How do I change loading rate to speed up quasi-static simulation in Abaqus/Explicit?

Big Picture:  I am trying to perform a quasi-static, displacement controlled, 3-point bend simulation on a 2D notched beam. My simulation size is about 7100 variables. Ultimately, I am trying to run this simulation using a VUMAT implementing a damage accumulation material model, but for right now I am using the built in Elastic model while I figure out how to manipulate loading rate. I want to run this model for at least 100 cycles which will be done using steps. I am trying to get the simulation to run in a reasonable amount of time so that I can get information quickly. I have been able to use Mass Scaling to speed up the model, which seems to work, but does distort my results. The only information I want from the simulation is reaction force and displacement, this is because I want to calculate stiffness of the structure (i.e. force divided by displacement). A lot of the documentation online talking about doing Quasi-Static simulations using Abaqus Explicit says that the two ways of speeding up the simulation are mass scaling and controlling loading rate.

Problem:
I want to compare the results using the two methods and see if using a faster loading rate will help with the distortion of my results. I have tried to figure out how to control loading rate but my results are not making sense. I have stepped back from my simulation and am working with a 2D, one by one, square plate while I try to figure out how to manipulate loading rate. Basically, my question is, how do I control loading rate using Abaqus Explicit?

What I have tried:
Under the amplitude keyword there are 4 numbers in a row separated by commas. I have tried adjusting the third number both greater than 1 and less than 1. From what I understand in both the Abaqus documentation and what I have read on line these numbers come in pairs such that the amplitude follows this: time_0, amplitude_0, time_1, amplitude_1, time_2, amplitude_2. I have been using this such that: time_0, amplitude_0, time_1, amplitude_1 where 0 represents the beginning of the step and 1 represents the end of the step. Therefore, I have manipulated the number representing time_1.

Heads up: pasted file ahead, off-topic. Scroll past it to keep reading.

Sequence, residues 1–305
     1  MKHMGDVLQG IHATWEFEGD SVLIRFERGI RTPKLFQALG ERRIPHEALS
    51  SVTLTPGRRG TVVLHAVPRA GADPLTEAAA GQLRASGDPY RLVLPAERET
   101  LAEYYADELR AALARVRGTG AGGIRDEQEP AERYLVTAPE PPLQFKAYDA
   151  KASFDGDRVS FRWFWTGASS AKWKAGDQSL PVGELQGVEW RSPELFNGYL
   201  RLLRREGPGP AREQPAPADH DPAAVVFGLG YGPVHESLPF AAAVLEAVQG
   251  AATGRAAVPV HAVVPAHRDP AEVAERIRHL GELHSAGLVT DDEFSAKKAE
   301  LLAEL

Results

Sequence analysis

From what I can understand it seems like reducing this number to a value less than 1 would increase the rate at which loading is applied and therefore reduce the time the simulation runs. I say this because a rate is an event divided by time. So, if time is decreased the rate should increase.

My results:
It is hard to see in the two graphs but essentially all graphs look like the light green one. In that the data points are not evenly spread out throughout the x-axis. The simulation goes from 0,0 to the second point and then all other points are in a vertical line. It seems like the graphs are converging, but the vertical lines seem odd. Even if I apply this to my notched beam simulation with 7100 variables, it doesn't speed up at all.

Extra Information:

System:
Abaqus 6.11 run on a Unix cluster

Attached are:

Input file for the simple Square plate I have been practicing with
Input file for the Notched beam I am using as my actual model
2 Graphs showing the results from my square trial

AttachmentSize FullGraph.png69.3 KB ZoomedIn.png82.54 KB NotchedBeam-FL.inp_.txt136.32 KB Square-FL.inp_.txt1.97 KB
Free Tags:

1) You're using smooth step

1) You're using smooth step amplitude definition (automatically, it's variable rate), where as mass scaling works as linear change in rate. In your case, it'll be 30*t^2 (1-t)^2. So there is no way you can have apple to apple comprasion here.

2) In both of your plots,  you see (atleast) on case deviating, and a vertical line in the force deflection curve. This means either of these two things, (i) that particular solution has quite decent dynamics, or (ii) the solution has broken :P. I don't know how you can judge a quasi static analysis without looking at (kinetic energy, velocity and accelerations). Read the point 3 below.

3) Refer to any good dynamics book (and also abaqus users manual) to understand what exactly you are doing, and what exactly you want to do. What is the meaning of mass scaling, and how it's related toquasi static analysis, what is quasi static analysis, etc.

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The world started with 0, is progressing with 0, but doesn't want 0.